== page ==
Thus far, we have basically summarised speech as the following: a sound, or collection of sounds, made by an obstruction or near obstruction of the airflow. Below is a picture of most of the vocal organs. As you might’ve already noticed, one obvious absence is that of the lungs: these are crucial in that their expansion or contraction will determine when air is let in or let out. Air released from our lungs will travel up to the second notable exception: the trachea (also known as the windpipe). We now arrive at the larynx (see below): here, the primary vibration needed for speech is produced by the vocal cords. At the pharynx, located just above the larynx, the air stream can go up into either the oral cavity or the nasal cavity. In the diagram below, the soft palate or velum (just above the arrow for pharynx) will allow for air to pass through both the nose and mouth. Normally, the soft palate will be raised in speech, stopping air from escaping through the nasal cavity. Sounds such as /k/ and /g/ are examples of what we call velar consonants: when the tongue is in contact with the bottom side of the soft palate.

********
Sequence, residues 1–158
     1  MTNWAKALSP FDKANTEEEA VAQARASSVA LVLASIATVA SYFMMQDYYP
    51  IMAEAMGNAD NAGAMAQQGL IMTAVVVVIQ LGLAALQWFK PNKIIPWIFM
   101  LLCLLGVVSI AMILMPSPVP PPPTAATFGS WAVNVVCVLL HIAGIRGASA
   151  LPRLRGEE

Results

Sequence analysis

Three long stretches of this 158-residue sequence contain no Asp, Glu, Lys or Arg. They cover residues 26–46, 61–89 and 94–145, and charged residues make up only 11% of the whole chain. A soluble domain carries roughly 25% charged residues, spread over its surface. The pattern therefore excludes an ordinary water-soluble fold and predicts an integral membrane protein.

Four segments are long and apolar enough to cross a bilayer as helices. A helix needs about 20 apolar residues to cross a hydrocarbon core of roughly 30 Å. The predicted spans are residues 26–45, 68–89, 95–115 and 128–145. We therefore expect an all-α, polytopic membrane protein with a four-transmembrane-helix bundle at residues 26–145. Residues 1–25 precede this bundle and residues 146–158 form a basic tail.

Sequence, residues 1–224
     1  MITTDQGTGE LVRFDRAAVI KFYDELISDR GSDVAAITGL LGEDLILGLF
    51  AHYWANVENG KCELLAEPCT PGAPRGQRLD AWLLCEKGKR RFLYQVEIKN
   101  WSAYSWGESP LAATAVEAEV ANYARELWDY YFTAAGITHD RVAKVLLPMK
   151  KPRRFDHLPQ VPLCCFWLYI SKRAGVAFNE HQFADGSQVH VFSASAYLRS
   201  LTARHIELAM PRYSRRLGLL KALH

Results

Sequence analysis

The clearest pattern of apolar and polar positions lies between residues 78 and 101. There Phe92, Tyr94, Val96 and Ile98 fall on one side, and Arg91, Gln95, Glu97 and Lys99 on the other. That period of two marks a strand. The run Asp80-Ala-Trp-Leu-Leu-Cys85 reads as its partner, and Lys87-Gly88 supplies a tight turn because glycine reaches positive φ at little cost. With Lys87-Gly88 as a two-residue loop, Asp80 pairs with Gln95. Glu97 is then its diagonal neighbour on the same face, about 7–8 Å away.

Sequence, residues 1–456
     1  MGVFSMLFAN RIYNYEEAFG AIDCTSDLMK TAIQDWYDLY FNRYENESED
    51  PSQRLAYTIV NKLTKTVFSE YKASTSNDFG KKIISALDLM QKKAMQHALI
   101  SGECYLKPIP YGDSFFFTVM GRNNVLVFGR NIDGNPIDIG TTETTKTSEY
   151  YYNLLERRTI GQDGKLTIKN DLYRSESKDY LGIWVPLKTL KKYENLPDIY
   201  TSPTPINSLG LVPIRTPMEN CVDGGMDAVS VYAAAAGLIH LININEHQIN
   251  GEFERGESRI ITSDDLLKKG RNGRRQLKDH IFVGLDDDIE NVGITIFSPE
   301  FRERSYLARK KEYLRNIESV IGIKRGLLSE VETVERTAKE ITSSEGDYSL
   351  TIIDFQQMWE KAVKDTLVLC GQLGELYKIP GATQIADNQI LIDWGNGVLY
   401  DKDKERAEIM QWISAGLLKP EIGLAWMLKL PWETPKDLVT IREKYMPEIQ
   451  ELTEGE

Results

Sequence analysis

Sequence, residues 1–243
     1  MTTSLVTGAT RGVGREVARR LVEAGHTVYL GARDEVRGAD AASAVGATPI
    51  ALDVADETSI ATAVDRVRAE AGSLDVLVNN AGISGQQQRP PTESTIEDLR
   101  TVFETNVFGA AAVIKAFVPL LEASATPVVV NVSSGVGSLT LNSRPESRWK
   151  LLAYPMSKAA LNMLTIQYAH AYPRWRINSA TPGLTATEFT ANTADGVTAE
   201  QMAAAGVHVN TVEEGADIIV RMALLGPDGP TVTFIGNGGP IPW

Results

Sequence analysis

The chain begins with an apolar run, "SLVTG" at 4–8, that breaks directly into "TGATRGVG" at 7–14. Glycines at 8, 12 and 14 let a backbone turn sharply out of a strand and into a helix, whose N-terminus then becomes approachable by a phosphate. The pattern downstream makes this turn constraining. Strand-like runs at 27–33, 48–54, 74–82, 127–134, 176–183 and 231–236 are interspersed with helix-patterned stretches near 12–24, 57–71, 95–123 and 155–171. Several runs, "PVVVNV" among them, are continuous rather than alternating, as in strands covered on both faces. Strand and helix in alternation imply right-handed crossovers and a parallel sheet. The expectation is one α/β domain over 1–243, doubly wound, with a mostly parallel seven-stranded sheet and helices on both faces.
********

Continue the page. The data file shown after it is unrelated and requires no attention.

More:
We are now at the ‘roof of the mouth’, technically known as the hard palate. The sound /j/ in yep is made by moving the tongue close to the hard palate. These are known as a palatal sounds. Between the hard palate and the tongue is the alveolar ridge. Sounds such as /t/, /d/ and /n/ are made through the tongue touching the ridge. As Roach (2009) notes, the tongue is “a very important articulator and it can be moved into many different places and different shapes”. Even though there are no clear cut physical divisions, we can divide the tongue into abstract parts: tip, blade, front, back and root. Lastly, we reach the teeth. In English, /θ/ and /ð/, found in the sounds at the start of thick and this respectively, are made with the tongue touching the front teeth. These are known as dental sounds.
Right, that’s a very, very basic introduction to articulatory phonetics. In the next post, I will briefly introduce the concepts of vowels and consonants, before moving on to a fuller treatment of short vowels, long vowels, dipthongs and tripthongs.
Collins, B and Mees, I.M (2008). Practical Phonetics and Phonology. Routledge.
Kreidler, C (2004). The Pronunciation of English. Second Edition. Oxford: Blackwell.
Roach, P (2009). English Phonetics and Phonology: A practical course. Fourth Edition. Cambridge: C.U.P.